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The Society's annual general meeting took place on 3 April 2019 at 7 pm at the Metropolitan College in Pelham Street, Brighton. 

See results of the committee election here.

AGM 2019 - Nominations for committee

There are vacancies for Chairperson, Honorary Secretary and three committee members. An election will take place at the Annual General Meeting on 3 April.

Nomination for Chair:

Mary McKean

nominated by Gavin Henderson

Relevant background and experience

I have wide experience of leading and managing public service organisations, having worked for the British Council and the Cabinet Office at senior levels and also as an advisor on public service management to a wide range of organisations. I enjoy leading teams and stimulating ideas.
I care about Brighton and Hove's built environment and would like to lead the society towards greater influence and impact in all that it does.
I'm currently leading the James Grey Collection New Website Project which has attracted new members and wider public interest in our heritage. If elected it is my intention to continue to lead this to its conclusion.

How the Society would benefit from my appointment as Chair

I've been Chair of the Regency Society from 2011-2013. During this period I led the Regency Society Weekend, which many members may remember. I've also been a trustee for the past three years, leading on our communications work including launching a new website, designing and delivering the Brighton Prints website (, re-launching the journal and developing the role of our monthly updates.

As Chair I would like to lead the Society to achieve greater impact by developing our campaigning work to highlight and celebrate examples of excellent conservation and development work, where these exist, and by demonstrating and promoting them where they do not. We should oppose mediocrity and poor design vigorously and make sure our voice is heard and makes a difference. In my view we need visibility to raise public awareness of these issues.

I would also like to engage members in deciding what we do and delivering results more than we do at present - in our campaigning, events and other activities. Our membership is our greatest asset and I would like to work to strengthen the relationship between the committee and the membership at large. In this I believe that our influence and reach can be extended and strengthened.

Nomination for Honorary Secretary

Roger Hinton

nominated by Selma Montford

Relevant background and experience

My career has been a mixture of administration and teaching.  I started at a small not-for-profit company organising conferences on town planning and transport. Eventually I became company secretary.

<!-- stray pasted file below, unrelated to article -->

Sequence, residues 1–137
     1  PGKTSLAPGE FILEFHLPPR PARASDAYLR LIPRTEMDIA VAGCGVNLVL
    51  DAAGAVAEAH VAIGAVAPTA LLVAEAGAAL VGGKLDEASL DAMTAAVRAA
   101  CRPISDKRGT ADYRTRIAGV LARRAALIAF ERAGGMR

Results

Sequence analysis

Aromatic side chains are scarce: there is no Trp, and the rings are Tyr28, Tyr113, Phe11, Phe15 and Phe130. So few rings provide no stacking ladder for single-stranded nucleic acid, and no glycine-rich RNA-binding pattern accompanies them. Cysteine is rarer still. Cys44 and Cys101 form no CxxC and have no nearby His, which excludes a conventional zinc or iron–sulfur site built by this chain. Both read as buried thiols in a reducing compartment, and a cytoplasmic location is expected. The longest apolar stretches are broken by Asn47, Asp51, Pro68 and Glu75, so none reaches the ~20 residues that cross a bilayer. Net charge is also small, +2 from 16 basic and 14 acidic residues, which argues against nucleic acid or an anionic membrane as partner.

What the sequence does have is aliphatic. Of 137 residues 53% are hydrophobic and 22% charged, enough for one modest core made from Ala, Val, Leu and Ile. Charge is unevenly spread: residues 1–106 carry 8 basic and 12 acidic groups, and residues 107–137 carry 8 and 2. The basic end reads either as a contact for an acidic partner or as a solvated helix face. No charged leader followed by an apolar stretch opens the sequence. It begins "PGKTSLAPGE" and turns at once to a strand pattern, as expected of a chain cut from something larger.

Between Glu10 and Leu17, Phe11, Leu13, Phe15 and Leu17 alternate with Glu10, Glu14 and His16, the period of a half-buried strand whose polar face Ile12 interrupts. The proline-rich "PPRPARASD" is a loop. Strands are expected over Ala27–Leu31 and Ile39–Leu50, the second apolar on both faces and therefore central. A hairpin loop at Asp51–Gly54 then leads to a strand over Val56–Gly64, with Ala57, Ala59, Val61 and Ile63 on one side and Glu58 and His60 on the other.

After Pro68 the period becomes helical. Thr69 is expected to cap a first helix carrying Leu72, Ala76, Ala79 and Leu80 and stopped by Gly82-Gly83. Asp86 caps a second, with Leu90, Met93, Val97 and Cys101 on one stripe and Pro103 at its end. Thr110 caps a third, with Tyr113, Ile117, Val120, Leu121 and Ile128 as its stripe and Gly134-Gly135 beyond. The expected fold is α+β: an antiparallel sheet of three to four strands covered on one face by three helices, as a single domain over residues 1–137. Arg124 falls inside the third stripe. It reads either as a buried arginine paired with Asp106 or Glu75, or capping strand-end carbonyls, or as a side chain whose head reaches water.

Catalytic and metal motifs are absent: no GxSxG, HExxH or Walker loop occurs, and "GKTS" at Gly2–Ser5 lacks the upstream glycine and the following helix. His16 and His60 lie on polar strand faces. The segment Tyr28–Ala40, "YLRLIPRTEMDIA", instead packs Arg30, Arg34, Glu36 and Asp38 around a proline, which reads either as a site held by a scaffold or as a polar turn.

I spent six years in an administrative job at Brighton Polytechnic, during which time I qualified as a Chartered Secretary. For two years I was personal assistant to the Polytechnic Director.  This taught me much about the principles of good governance.

I then turned to teaching business and finance at a college in Hammersmith. My final full-time job was with the Chartered Institute of Public Finance and Accountancy. I was a trainer and computer manager at the Institute’s training centre in London.

How the society would benefit from my appointment as Honorary Secretary

I have chaired the society for six years, so I know how it operates. My primary job as secretary would be to ensure that it is run as a charity should be. This would include keeping trustees and members fully informed about what the society is doing and why.

I would also like to continue playing a role in the society’s Planning Forum. In 1979 I was a founder member of my local amenity society, from which I gained much experience of planning and conservation. More recently I served for several years as chair of the Council’s Conservation Advisory Group.

Above all, as secretary I would aim to support the new chair in his or her job as leader of this complex and busy organisation.

Nominations for the committee

Dr. Helen Walker

nominated by Delia Forester


Relevant background and experience

Dr Helen Walker is an independent strategic planning consultant with experience of managing regeneration, heritage and urban design projects. Previously she worked in two central government departments, for several local authorities, the Environment Agency and Commission for the Built Environment. A former chair of a university department, she is now Course Leader, MSc Town Planning at the University of Brighton and lectures on built environment programmes with a focus on the local economy, urban planning and design.

Helen is appointed as a Design Council Built Environment Expert, a Building for Life Accredited Assessor and a member of the Civic Trust Awards National Panel. She is a Trustee of Brighton Early Music Festival, Fabrica and QueenSpark Books. She is a member of Brighton and Hove City Council Sustainability Panel.

How the society would benefit from my appointment

I have been elected as an RS trustee for several years. I am currently Vice Chair of the Committee.

Jamie Wright

nominated by Stephen Adutt


Relevant background and experience

Having spent most of my life in Brighton & Lewes and studied architecture in Bath, I have had the privilege to be surrounded and fascinated by some amazing buildings. I have worked within a large practice of architects in the North Laine for the last 12 years and have enjoyed discovering and designing on a wide range of projects. I have gained much as a Regency Society member for the last 11 years, attending the annual lecture series and study trips. I have recently completed a two year part time MSc course in Building Conservation at the Weald and Downland Living Museum, writing my thesis about Horsh- am stone slate. I am keen to safeguard our historic buildings in the City's exciting future, encouraging the very best new architecture.